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What’s the best plant storage temperature?

When you’re growing plants indoors or if you’ve decided to store your plants inside for the winter, it can be tricky keeping them happy and healthy. Indoor plants don’t have all the advantages that outdoor plants have, like abundant sunlight, regular watering, and continual pollination, so caring for them needs to be a regimented and careful process.

While making sure your plants get the sunlight and water they require while indoors are vital components to caring for them, an often neglected variable is the temperature in your indoor space.

Indoor plant in wicker container
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Ideal indoor plant temperature

Plants tend to love warm weather, so it’s a common misconception that high indoor temperatures will be good for plants. However, since your plants won’t have the advantages that the outdoors brings to make them flourish, having an indoor temperature that is too high will dry them out and cause them to wither.

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Alternately, a temperature that’s too low can stunt the plant’s growth and kill it entirely. This is particularly true if the plant is overwatered, since the water’s temperature will be colder than it should be, which will speed up the dying process.

In most cases, plants that are indoors should be kept in rooms where the temperature is between 60 – 85°F, but a plant’s temperature preference depends on the type of plant it is.

  • Cool weather plants: Keep cool weather plants like azaleas and snake plants on the lower end of the temperature scale, around 60°F.
  • Tropical plants: Tropical plants like cacti, palms, and hibiscus plants, should be kept at temperatures on the higher end of the scale, around 80°F.

Issues to keep in mind

Setting the temperature in your home or office to an appropriate level is a good start to keeping the climate conducive to your plants’ growth, but there are some other factors that may negatively impact the temperature around them. It’s a good idea to have a thermometer hung near your plants so that you can monitor the temperature in their area.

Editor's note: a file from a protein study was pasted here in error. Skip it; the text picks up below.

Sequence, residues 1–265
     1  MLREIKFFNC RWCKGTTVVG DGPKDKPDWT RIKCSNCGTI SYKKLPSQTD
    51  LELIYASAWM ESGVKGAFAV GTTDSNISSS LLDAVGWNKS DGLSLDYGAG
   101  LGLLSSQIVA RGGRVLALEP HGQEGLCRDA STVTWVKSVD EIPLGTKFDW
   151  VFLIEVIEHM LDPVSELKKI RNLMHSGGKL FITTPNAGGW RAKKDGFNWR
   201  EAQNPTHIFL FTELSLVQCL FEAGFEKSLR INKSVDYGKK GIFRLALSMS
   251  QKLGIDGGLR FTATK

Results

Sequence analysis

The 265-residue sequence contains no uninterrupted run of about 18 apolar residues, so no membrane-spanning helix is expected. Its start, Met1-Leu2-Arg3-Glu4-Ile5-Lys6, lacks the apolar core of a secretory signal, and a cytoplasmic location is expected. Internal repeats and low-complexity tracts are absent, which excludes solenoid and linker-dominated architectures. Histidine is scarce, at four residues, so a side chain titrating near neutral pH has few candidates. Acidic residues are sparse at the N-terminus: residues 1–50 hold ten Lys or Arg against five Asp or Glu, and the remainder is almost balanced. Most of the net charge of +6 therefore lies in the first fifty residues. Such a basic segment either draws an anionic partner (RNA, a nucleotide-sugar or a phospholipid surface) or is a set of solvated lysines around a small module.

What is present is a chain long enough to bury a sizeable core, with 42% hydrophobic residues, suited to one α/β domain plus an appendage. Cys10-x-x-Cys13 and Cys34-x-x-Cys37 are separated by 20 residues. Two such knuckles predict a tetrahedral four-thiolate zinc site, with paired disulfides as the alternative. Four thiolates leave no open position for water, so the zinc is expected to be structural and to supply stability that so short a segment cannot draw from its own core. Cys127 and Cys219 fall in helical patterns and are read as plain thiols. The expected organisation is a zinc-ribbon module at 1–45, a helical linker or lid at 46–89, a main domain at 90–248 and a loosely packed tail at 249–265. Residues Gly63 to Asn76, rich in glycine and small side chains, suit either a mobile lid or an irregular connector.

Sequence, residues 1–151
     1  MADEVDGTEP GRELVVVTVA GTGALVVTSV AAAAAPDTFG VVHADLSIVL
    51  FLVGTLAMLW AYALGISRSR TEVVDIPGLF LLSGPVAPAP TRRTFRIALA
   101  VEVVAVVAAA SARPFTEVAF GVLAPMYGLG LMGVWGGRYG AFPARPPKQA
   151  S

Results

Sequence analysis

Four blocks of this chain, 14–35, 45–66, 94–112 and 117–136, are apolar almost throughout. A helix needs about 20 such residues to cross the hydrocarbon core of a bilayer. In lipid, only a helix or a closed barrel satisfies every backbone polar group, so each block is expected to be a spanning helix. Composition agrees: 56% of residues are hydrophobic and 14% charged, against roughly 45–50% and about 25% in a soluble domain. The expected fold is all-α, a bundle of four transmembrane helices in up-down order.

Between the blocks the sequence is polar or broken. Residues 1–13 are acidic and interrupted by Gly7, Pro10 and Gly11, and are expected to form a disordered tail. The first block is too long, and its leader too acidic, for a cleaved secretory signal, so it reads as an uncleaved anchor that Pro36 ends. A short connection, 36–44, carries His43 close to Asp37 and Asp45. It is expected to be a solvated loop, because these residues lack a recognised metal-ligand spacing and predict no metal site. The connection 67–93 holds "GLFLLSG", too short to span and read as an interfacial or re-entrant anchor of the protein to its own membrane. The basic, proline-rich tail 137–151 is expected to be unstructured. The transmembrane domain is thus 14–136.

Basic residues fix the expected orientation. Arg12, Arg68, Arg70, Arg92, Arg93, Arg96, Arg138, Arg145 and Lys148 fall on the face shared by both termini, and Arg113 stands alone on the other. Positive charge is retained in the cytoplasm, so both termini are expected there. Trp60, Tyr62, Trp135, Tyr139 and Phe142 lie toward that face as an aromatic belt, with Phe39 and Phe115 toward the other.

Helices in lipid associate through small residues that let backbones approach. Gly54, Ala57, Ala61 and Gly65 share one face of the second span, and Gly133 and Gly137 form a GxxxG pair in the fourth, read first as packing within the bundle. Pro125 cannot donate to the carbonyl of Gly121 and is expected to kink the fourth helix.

Windows and vents

While keeping plants on a window sill may seem like the perfect solution to getting them that extra bit of natural light, keep in mind that cold drafts often make it through windows and can lower the temperature around your plants significantly.

Similarly, keeping plants directly under a heating vent is not advised, since the area will drastically heat up when the heat kicks on.

Long periods of low outdoor temperatures

If you live in an area that has extreme winters, there will often be periods of time where the outside temperature drops below freezing or even to sub-zero numbers. During these times, the building’s heating system tends to work harder, causing inconsistent indoor temperatures to occur.

A note about humidity

Cold weather tends to be extremely dry. Even if you heat up the room, it will be an artificial heat that can contribute to the air’s dryness. When plants are sitting in a less than ideal temperature climate, whether too hot or too cold, the humidity around them can be negatively impacted. It’s a good idea to spray a water mist on them occasionally or keep them in water trays when the air indoors gets dry.

Indoor plants on wooden chairs and stands
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Warning signs your indoor temperature is too high or low

If you’re watering your plants sufficiently to their needs and they are getting the right amount of sunlight, when you see some of the below issues occur, these may be signs that the temperature around your plants is not at the right level.

Flowers die unexpectedly

When a plant is in distress, it begins to focus it’s energy and resources on the root system and foliage in order to stay alive, leaving the flowers to wilt and die. If your plant’s flowers start to die quickly and unexpectedly, this could be a sign that the temperature in the room is not quite right.

Leaf discoloration

After the flowers die off, the next warning sign will be leaves that start to yellow or brown. This is an indication that the plant is no longer expending energy on its foliage, and is instead focusing only on the root system to stay alive.

Lower leaves wither or die

When the lower leaves on the plant start to wither and die, this is a major warning sign that the plant is not getting something that it needs, whether it’s light, water, humidity, or an appropriate temperature.

Caring for plants indoors is no small feat. There are many factors to consider when setting up their space, planning a care routine, and monitoring their progress. Keeping your plants watered and in a space that has adequate light are simple enough care practices, but take care not to neglect the often-forgotten practice of regulating the indoor temperature around your plants. Keep your plants safe and happy so they can continue to bring your life some joy.

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Veronica Sparks
Veronica Sparks is a writer from Milwaukee, Wisconsin who loves writing about gardening, home décor, and DIY life. She’s…
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